College is a Battle

blog1 (1) By: Xylia Lydgate

When was the last time you actually did something fun at school? This week the Rec Center brought a life-size game of Battleship to the swimming pool, and it was one of the most thrilling activities I have done all year. Our rendition of pool Battleship stems from a classic board game that involves strategy and guessing. The object of the game is to “sink” your opponent’s ships that they have strategically placed on a 10×10 square grid. With each correct guess, your opponent’s ship takes a “hit” and slowly begins to sink until each part of their ship has been hit.

The life-size version of Battleship that we play mimics a similar concept to the board game. We have players team up into large, canoe-like boats where we’re given paddle boards and buckets as “weapons.” On the blow of the whistle, we paddle hastily towards other teams and fling buckets of water into their boat to sink their “ship.” As fun as it sounds, it’s certainly an upper body workout in disguise and a team effort.

Believe it or not, after nearly three years of working at the Rec Center, this was my first time stepping foot into our swimming pool. The game not only gave me a reason to try something new, but it reminded me that it’s moments like this that contribute to the overall value and experience we attribute to our time spent at a university. I think everyone deserves to have some enjoyable memories of their college experience, whether it be social outings with classmates or participating in a crazy, untraditional event like Battleship. We shouldn’t be leaving school with nightmares of the rough nights studying until 2 a.m. or that one test we scored terribly on.

Sometimes, we take school a little too seriously. While grades are important, they are not the only defining factors of success. I challenge you to purposely find ways to enrich your university experience not just through classroom learning but experiential learning. College is a constant battle of finding balance. How do you plan to enrich your experience?

A Note to Mr. To-Do

To my dearest Mr. To-Do,

I realize the importance of our relationship at the moment–and often times, you’ve saved me from some pretty unfortunate situations. What would I have done without you if you hadn’t have been there to remind me that I had that French literature worksheet to analyze or that I needed to go to my professor’s office hours or to pick up toilet paper?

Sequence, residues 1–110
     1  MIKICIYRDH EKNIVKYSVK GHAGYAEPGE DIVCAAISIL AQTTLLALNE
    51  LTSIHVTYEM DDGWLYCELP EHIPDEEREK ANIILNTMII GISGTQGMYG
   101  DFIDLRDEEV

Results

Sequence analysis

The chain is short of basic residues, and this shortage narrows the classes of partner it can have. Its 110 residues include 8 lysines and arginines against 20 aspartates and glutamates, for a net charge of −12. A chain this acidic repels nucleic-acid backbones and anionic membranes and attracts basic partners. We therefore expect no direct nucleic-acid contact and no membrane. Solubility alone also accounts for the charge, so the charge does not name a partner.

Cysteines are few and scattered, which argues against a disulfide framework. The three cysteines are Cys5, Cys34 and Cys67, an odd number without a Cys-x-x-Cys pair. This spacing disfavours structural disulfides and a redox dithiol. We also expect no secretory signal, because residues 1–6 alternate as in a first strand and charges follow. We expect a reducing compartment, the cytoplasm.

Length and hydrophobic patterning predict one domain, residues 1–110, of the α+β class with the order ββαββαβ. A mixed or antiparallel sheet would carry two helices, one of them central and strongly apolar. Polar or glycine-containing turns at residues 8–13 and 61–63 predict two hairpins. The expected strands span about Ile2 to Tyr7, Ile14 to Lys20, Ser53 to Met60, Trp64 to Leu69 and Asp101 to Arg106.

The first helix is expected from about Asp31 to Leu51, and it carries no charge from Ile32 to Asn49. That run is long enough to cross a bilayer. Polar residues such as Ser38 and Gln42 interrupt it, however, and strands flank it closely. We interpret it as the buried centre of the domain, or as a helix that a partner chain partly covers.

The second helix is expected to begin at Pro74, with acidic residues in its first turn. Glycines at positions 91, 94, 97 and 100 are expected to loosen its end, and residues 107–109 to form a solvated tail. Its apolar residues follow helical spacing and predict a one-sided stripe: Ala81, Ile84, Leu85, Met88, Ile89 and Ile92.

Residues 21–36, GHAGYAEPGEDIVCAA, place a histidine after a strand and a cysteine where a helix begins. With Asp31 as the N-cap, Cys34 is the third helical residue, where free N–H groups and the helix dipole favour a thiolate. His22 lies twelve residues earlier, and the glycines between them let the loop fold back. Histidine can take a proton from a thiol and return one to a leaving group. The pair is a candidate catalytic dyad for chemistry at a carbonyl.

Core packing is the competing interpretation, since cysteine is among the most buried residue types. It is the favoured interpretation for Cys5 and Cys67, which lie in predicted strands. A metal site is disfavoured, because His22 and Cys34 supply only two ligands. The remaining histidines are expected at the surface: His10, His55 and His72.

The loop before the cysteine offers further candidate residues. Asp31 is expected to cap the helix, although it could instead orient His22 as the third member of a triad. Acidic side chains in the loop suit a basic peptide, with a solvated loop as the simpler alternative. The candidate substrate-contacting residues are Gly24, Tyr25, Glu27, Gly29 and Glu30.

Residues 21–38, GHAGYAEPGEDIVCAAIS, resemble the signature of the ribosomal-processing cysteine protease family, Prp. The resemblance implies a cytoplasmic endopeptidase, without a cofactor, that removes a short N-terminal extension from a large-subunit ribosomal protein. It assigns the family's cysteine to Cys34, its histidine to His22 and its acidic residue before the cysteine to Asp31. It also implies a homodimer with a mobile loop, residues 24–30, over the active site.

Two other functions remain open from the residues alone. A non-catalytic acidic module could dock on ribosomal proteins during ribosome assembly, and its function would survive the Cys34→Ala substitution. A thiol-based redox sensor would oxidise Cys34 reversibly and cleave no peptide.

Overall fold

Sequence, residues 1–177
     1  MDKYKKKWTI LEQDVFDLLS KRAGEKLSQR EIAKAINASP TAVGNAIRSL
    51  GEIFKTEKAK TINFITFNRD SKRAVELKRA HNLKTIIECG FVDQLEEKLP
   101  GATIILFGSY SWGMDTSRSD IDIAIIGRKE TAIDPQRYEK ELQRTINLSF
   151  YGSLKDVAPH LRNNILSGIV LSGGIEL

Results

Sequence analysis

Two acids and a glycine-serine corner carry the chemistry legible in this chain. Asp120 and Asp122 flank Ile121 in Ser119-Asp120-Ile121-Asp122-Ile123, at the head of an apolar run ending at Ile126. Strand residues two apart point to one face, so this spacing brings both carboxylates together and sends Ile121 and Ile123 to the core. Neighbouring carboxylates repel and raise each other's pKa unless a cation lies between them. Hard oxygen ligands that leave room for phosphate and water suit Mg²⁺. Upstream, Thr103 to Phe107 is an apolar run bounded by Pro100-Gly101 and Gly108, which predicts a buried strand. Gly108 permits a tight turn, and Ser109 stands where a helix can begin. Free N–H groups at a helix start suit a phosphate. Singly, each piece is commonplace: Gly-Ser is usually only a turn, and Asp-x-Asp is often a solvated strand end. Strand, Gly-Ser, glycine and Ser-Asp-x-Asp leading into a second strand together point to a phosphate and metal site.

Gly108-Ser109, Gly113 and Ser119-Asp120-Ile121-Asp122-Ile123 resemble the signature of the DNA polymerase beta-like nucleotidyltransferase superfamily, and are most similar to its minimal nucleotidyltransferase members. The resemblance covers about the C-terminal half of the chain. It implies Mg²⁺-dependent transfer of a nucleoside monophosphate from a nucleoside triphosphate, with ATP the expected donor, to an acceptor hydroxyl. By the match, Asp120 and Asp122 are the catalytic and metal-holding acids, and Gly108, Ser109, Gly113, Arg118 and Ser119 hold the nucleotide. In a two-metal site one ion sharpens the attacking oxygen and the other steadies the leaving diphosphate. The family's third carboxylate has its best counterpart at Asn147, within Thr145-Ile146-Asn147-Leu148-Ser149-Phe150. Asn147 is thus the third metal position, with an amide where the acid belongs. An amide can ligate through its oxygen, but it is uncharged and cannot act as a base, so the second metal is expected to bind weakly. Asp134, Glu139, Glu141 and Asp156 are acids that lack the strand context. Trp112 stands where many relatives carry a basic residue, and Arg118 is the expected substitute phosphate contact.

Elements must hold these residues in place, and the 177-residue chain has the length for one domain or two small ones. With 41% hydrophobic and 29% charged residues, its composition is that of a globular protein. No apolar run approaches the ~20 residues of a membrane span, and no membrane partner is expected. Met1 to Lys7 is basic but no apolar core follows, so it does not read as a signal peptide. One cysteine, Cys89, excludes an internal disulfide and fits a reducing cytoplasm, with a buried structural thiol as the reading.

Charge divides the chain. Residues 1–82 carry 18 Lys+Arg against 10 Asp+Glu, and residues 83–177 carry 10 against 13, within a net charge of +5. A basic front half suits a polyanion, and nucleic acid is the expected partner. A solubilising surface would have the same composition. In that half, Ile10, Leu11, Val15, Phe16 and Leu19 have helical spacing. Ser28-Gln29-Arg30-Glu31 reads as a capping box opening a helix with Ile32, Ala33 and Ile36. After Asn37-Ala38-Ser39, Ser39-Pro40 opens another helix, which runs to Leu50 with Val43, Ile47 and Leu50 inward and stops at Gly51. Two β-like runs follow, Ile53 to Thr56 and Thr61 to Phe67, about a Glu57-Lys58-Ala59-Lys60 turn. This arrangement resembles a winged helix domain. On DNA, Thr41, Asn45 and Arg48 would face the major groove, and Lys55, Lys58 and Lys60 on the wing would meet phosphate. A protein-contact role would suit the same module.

To-Do

You’ve had my back the past five weeks, and I do appreciate it.

But I guess what I’m trying to say is that maybe you’ve been perhaps a little too helpful as of late. I’ve begun to feel guilty: you seem to grow a little larger every passing week, and yet there is nothing I can do to slow your pace. Monday morning approaches, and I realize that I haven’t done nearly enough to satisfy your needs. It’s just been a little hard with all of these midterms and everything. Can we just have a moment and slow down? Would you mind taking a few things off? Can’t we deal with some of these issues a few weeks later?

…no? Okay. I understand. At least it’s nice to know that I can always look to you to keep me on track (kind of). I guess I’ll try harder.

Best,

Katie

AKA Stressed-Senior-With-Too-Much-To-Handle

Balance, young grasshopper

So I’m sitting in class, and I have to admit that I’m a little tired. I had a late night last night, as I went out with some girlfriends for a couple of happy hour drinks and to catch up after classes and meetings and work. This doesn’t sound like the worst thing, at least to me, but I will sometimes find myself wondering how other people manage to come to class every day with the air of being so overly prepared. I know that I’m not able to dedicate that kind of time—life is a little busy at the moment.brain-balance-06

Most of us are juggling school and homework, jobs, clubs/societies/Greek life/sports/insert-what-you-please-here. Not to mention a social life. Personally, maintaining the social relationships in my life—everyone from my mom to the residents in my hall—takes up just as much, if not more time than needed to feel caught up on school work.

I sometimes wonder how this all manages to get done. But then again, I remember being told that 90% if learning in college occurs outside of the classroom. Perhaps balance is just one of those things. If you’re too focused in one area, you’ll burn out and go crazy. No exaggeration. It’s important to take moments to recuperate from the madness of everything happening during the week, but it’s also important not to lose your motivation and drive to keep going. All I know is that if my life was a table, and any of the legs were removed, I would certainly crash. Balance, my friend, balance.